For at least a generation, one of the nation’s largest Hmong populations provided St. Paul with ample economic development opportunities. While many Minnesota Hmong still call St. Paul home, they join other Asian Minnesotans in an outward growth pattern to the suburbs and beyond.
Minnesota is now four percent Asian, on par with nationwide totals. Led by Hmong Minnesotans, Asians comprise nearly 12 percent of Ramsey County’s population and six percent of Hennepin County’s. However, from 2000 to 2010, the metro’s Scott, Wright, Washington and Anoka counties all experienced triple digit percentage jumps in their Asian populations, fueled by Hmong and Asian Indians.

Southwest Minnesota’s Redwood County is one of the state’s fastest growing rural Hmong communities. In the 2000 Census, no one identified as Hmong. Now, 323 Hmong and 507 Asian Minnesotans call that county home. These families have helped stabilize Walnut Gove’s Main Street.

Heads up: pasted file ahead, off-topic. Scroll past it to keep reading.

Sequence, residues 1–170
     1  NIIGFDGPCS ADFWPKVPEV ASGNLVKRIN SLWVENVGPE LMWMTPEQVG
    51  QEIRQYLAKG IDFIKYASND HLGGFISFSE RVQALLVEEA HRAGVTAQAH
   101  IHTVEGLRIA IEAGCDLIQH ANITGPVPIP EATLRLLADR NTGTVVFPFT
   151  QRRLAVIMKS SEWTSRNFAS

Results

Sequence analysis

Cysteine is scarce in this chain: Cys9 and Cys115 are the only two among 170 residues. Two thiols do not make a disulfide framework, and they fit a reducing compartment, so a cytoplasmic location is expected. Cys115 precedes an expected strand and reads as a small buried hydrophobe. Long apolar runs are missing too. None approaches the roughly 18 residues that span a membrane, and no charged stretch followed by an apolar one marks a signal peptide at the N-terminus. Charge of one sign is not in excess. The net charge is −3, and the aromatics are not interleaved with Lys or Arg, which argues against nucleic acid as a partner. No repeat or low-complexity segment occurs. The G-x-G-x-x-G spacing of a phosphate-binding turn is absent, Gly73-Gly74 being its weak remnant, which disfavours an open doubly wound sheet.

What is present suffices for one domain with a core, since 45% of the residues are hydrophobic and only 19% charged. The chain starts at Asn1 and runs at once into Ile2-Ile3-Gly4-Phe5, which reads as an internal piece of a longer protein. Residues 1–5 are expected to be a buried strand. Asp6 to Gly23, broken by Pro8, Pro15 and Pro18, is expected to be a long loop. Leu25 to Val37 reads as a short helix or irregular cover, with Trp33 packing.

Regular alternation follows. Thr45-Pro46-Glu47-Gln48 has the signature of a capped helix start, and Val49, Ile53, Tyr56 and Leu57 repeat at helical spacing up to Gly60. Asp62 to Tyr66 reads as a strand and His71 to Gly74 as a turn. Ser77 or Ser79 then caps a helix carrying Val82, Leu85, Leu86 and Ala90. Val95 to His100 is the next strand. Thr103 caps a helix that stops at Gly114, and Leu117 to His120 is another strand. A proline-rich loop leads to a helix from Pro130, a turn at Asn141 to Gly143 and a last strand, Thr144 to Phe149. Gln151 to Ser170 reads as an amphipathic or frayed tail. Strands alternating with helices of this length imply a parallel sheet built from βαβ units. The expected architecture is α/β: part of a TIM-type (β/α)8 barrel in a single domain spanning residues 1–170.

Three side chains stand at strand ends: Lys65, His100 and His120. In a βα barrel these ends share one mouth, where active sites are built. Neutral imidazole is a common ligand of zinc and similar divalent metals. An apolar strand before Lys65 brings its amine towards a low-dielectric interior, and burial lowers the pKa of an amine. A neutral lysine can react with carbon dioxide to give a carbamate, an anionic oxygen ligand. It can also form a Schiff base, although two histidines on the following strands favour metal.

Hispanics comprise at least 10 percent of the population four rural Minnesota counties—Nobles 22.5%, Watonwan 20.9, Kandiyohi 11.2%, and Mower 10.6%. Statewide Hispanics comprise nearly five percent of the population.

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  • W. D. (Bill) Hamm says:

    December 26, 2012 at 9:43 am

    Perhaps the first thing you should think about is ending the Racist harvesting of people of color to fill your Public Employee Union owned “Prison Industrial Complex”. With 2/3rds of all drug arrests in Minnesota being for the non lethal herb Cannabis and with up to 9 times as many people of color being persecuted, Minnesota’s Racism is showing, making building cross-culture commerce less not more likely.

  • TONY says:

    December 26, 2012 at 11:54 am

    Wow, Bill on another meaningless anti-union rant. While he is correct in his stats, blaming it on the prison guards has no merit. The strong racially targeted drug laws were the peoples reaction to the anti-drug articles written by the right wingers. Having spent 19 years on a citizen advisory board for Stillwater prison & having spent some time touring that same prison, I can tell you the guards earn any money they make. Our prisons are overcrowded now & these stupid laws will continue to make that worse, and the jobs of these overworked guards more dangerous. Try a day in their shoes Bill & see if you still place the blame w/them. As to the real subject, the influence of new cultures makes us all better. The same as it did when our grandparents came here years ago…